This Is The Reason You Shouldn't Get A Blackout Tattoo

It's hard to pinpoint precisely when tattooing originated, but many draw its lines — no pun intended — back to tribal nations like the Samoans and even the Egyptians (via Authority Tattoo). There are countless designs that date way back to these time periods, including the blackout tattoo. According to Tattoo SEO, tribal tattoos would often be "all black; using [carbon from] charred wood or bones," which would then be "punctured through the skin creating a permanent mark."

The more recent wave in popularity of blackout tattoos can be traced back to 2016, according to Fox News, when Singapore-based tattoo artist Chester Lee popularized the design on social media. Since then, many customers have been opting for blackout tattoos simply because they are aesthetically pleasing. But, more often than not, people choose them to cover up old tattoos. 

As tattoo artist Maxime Buchi explained to The Guardian, "Tattooists and customers have started to see how limited traditional cover-ups are in terms of aesthetic results." Buchi continued, "You will always see there is something underneath — they can be OK, at best, in my opinion. I recommend blackouts instead, they always work well." Like any tattoo, doing your research is imperative before considering a blackout design, especially as there are certain negative connotations associated with them. 

Blackout tattoos can potentially be seen as offensive

First and foremost, blackout tattoos are frequently interpreted as cultural appropriation. As Elisheba Mrozik, tattoo artist and former contestant on "Ink Master," asserted to Byrdie, a white person covering large portions of their skin in black ink can be seen as problematic and inconsiderate to Black people. Especially considering, "For centuries, being dark-skinned in this nation has been a curse and cause for pain, strife, economic slavery and injustice, stolen wealth and legacies, ruinous incarceration rates, violent death, and dreams deferred."

Mrozik acknowledged that, obviously, people can do whatever they want with their bodies, but ignorance of the correlations that many may draw from a blackout tattoo "does not excuse people from its consequences." So, essentially, it's vital to do your research before you get a tattoo — especially when it comes to blackout tattoos, due to the potential connotations of cultural appropriation.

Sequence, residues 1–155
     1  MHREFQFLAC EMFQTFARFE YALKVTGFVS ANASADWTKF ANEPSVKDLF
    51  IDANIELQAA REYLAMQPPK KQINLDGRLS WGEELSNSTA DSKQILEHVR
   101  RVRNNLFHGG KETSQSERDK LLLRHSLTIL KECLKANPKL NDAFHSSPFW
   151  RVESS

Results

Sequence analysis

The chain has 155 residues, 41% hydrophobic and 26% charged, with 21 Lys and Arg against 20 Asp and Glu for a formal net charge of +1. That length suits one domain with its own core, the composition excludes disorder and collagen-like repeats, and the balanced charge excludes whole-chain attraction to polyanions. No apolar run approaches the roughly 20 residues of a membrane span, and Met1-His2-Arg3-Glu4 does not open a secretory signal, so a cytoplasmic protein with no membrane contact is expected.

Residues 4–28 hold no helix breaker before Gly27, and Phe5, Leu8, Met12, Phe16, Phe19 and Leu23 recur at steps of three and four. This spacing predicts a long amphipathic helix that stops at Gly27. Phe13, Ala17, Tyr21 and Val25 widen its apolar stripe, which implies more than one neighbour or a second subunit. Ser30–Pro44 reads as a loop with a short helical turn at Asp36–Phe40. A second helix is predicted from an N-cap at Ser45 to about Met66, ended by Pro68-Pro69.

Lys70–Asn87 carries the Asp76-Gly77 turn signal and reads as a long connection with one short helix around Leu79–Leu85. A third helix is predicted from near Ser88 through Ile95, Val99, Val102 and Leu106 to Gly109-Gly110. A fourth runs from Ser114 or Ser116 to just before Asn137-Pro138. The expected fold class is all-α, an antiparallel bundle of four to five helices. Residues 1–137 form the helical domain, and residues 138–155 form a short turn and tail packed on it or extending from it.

Tattoo artists are tired of seeing plenty of clichéd designs but they've also been criticized for covering themselves in solid blackwork. However, London-based artist Bella Atrix notably started the process when her father was ill and used it as a "ritualistic practice" that provided her with "phenomenal strength and mental calm," as she revealed to Allure. Atrix also pointed out that "people who aren't from the tattooing community aren't educated in the tribal origins of blackwork." Moreover, as someone from a mixed-race family, she was surprised to see people accusing her of "wanting to change my race."  

They can also make certain medical checks difficult

Aside from cultural appropriation, blackout tattoos can be much riskier than other designs. According to dermatologist Howard Sobel, MD, the ingredients used in the pigments for black ink can include "titanium oxide, lead, nickel, [and] chromium," which could potentially be absorbed into the bloodstream and cause "allergic reactions, skin rashes, and inflammation" as he told Teen Vogue. 

That being said, famed tattoo artists like Kat Von D have noted that pigments used by professionals do not contain these harmful substances. "Nowadays you can even find vegan-friendly pigments that work just as well," she clarified on Instagram. While the ink may not be as harmful, blacking out a large portion of your skin can make skin cancer screening difficult while also hiding potential skin conditions (via the Gold Coast Bulletin). 

"With such large, dark tattoos, it's very difficult for a physician to distinguish between a normal mole and one that's abnormal — or even melanoma," Sobel warned Teen Vogue. Luckily, if you have a blackout tattoo and decide it's not for you, black ink is easier to remove with laser treatments. However, sessions are expensive and painful, and several are required to fully remove a tattoo — particularly if it's a large surface area (via Healthline).